Monday, December 14, 2009

Something fun and savory

Do you want to serve something impressive for your holiday party - sophisticated little appetizers that will make your friends exclaim in delight while they greedily gobble them up?

Meet the gougère - a treat from the Burgundy region of France. Pâte à choux is made savory with cheese is baked in a hot oven till it puffs up. And you wouldn't believe how easy it is!


Preheat oven to 400 degrees Fahrenheit. Prepare cookie sheets by lining them with parchment paper or use a Silpat pad.

1/2 cup water
1/2 cup milk
3 tablespoons butter, cut into small pieces
1 cup flour
1 pinch of salt
4 eggs
1 cup shredded Gruyere cheese (or your choice)
optional - minced herbs, ground pepper, cayenne, other flavorings

Bring the water, milk, salt and butter to a boil in a medium saucepan on the stove. Turn the heat down to low and add the flour, stirring with a wooden spoon.

It will look lumpy and ugly at first and then almost magically it will coalesce into a rubbery ball of dough that pulls away from the sides of the pan.

Continue to stir and cook just about 2 minutes over the stove, then take it off the heat and transfer to a mixer bowl.

Be sure to let the dough cool down, about 3 minutes. I use my Kitchen Aid mixer with the flat paddle. To help the dough cool down, I turn on the mixer and let it break up the rubbery ball of dough.

Then add the eggs, one at a time, beating each one in. Beat after each addition until the dough is smooth - it will start out lumpy but then becomes smooth, satiny and almost gluey.

After all 4 eggs have been beaten in, add the shredded cheese and seasonings of your choice.

Conventional recipes say to put the batter in a pastry bag and pipe it onto prepared cookie sheets. I don't have a pastry bag and really don't know how to use one, but the first time I tried to make gougères I used a trick someone told me to put the batter in a ziplock bag and cut the corner off.

Ugly ones in the back, pretty one up front

Maybe it was my poor technique or my substandard equipment, but it was difficult to pipe uniformly sized and shaped puffs while squeezing the dough through the bag. There were problems lifting the bag away without trailing a thread of dough or making an oblong blob instead of a nice round puff.

Finally I said to heck with it and just used a teaspoon to plop little mounds on the sheet - they puffed up perfectly shaped, and that's the technique I use now.

You can sprinkle them with extra shredded cheese, or you can brush them with an egg wash if you like. But if you don't want to bother, they'll come out pretty and shiny anyway.

Bake the puffs for 20 minutes or so, and let them cool on a rack. You can eat them right away or you can heat them up again in a hot oven for 5 - 10 minutes just before serving them. If you do this, cut your initial baking time down a little so they don't brown too much in the second baking.

Perfect puffs

You can freeze gougères after they've cooled completely, and they'll keep for months. Pop them in a 350 degree oven for 5 - 10 minutes if you have surprise guests or just want a tasty savory bite with a cocktail or glass of champagne.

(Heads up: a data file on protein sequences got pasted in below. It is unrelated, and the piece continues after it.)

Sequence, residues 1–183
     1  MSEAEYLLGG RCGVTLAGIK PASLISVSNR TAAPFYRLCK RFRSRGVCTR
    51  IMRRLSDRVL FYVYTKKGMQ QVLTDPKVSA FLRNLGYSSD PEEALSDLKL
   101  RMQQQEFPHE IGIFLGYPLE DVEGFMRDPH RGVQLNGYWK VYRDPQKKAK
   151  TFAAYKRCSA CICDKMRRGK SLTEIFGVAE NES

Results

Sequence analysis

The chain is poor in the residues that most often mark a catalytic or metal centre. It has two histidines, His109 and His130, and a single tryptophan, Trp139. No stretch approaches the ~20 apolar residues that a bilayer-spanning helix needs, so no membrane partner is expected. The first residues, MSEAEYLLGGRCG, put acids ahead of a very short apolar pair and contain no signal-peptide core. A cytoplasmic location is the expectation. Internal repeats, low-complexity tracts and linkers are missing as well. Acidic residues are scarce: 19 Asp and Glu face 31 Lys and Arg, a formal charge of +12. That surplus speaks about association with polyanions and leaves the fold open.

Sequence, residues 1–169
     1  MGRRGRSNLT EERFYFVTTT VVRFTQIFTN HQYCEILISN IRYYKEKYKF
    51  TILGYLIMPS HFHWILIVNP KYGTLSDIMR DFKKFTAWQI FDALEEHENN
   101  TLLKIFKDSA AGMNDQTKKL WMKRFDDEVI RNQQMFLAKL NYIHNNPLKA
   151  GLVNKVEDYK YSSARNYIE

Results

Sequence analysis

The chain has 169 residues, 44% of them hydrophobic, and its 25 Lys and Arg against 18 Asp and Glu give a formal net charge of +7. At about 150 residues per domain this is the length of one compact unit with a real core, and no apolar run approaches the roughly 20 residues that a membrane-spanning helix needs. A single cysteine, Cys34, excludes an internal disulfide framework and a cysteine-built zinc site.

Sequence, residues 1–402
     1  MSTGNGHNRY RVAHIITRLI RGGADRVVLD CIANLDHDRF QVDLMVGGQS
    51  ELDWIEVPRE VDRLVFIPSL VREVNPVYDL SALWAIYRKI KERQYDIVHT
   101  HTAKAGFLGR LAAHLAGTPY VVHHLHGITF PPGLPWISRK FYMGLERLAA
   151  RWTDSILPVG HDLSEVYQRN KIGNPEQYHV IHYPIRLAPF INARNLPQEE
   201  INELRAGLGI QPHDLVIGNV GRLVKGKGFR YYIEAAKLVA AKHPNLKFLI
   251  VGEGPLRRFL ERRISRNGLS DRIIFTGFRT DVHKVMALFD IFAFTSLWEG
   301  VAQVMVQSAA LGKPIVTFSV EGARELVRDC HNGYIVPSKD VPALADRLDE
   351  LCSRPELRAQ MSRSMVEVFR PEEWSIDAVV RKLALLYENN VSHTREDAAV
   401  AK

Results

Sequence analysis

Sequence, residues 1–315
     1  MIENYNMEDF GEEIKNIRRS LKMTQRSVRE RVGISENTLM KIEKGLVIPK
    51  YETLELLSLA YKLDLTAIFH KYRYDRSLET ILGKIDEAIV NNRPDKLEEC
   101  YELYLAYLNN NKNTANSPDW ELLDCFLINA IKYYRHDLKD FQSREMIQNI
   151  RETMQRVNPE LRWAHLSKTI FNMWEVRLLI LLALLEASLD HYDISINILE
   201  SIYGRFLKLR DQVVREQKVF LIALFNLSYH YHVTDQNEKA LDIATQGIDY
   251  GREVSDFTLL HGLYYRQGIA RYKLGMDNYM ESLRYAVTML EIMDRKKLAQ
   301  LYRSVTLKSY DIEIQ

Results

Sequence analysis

Gougère batter is pâte à choux, the same technique is used to make eclairs, profiteroles or cream puffs. Instead of a leavening agent, like yeast or baking powder, the high moisture content of its batter creates steam while baking, puffing up the dough.

The classic French recipe calls for gruyere cheese, but I've tried them with sharp Cougar Gold cheddar and with inexpensive Danish bleu cheese. I've also seen a recipe that mixes crumbled bacon and cooked corn kernels into the batter -I haven't tried it but it sounds good.

You can serve them as they are or you could get fancy with them. Because the little puffs are hollow inside, you could fill the hollow with a mixture of something tasty like sauteed mushrooms, minced ham, sausage, or curried minced chicken. Perhaps a little dab of chutney would be good inside a sharp cheddar puff. Or how about some dices of pear inside a bleu cheese puff?

You could make slightly larger gougères, and split them in half to make an elegant hors d'ouevre sandwich, layering baby greens and thinly sliced charcuterie between the halves. With some pickled red onions.

It's always fun to cook when you have an eager helper.

Gougères are elegant, easy, and delicious. Give them a try for your New Years Eve menu!


Sue said...

I'm making this one. I make cream I understand how this works. I just love the idea of cheese in them! Thank you.


Kathy Rogers said...

I'll be right over.

They look amazing!

cactus petunia said...

Mmmm. I don't think I can wait for New Year's Eve. Maybe I'll make them tomorrow! Thanks for the recipe and the mouthwatering photos!

Gilly said...

Oh, those look absolutely gorgeous! Really Yummy! I can see Jack is waiting for any bits that happen to fall on the floor! (I've got a dog like that!)

You make it sound so easy, but I would have to do everything by hand, as I haven't got that sort of a hand mixer - and what would 2 of us do with all those??

Perhaps I'll just pop across and eat yours!!

Euzinha said...

They look delicious!
Can I have one, pleeeeaassseee?

Unknown said...

I can almost smell them. YUM!

Queenly Things said...

Love these!1 Especially with a nice glass of wine. But sometimes it doesn't come out even so I'll have to have another gougere to finish off that glass of vino but then the wine is gone and I still have gougere so I need another glass of wine, then more gougere and so on and so on. Oh, the joy!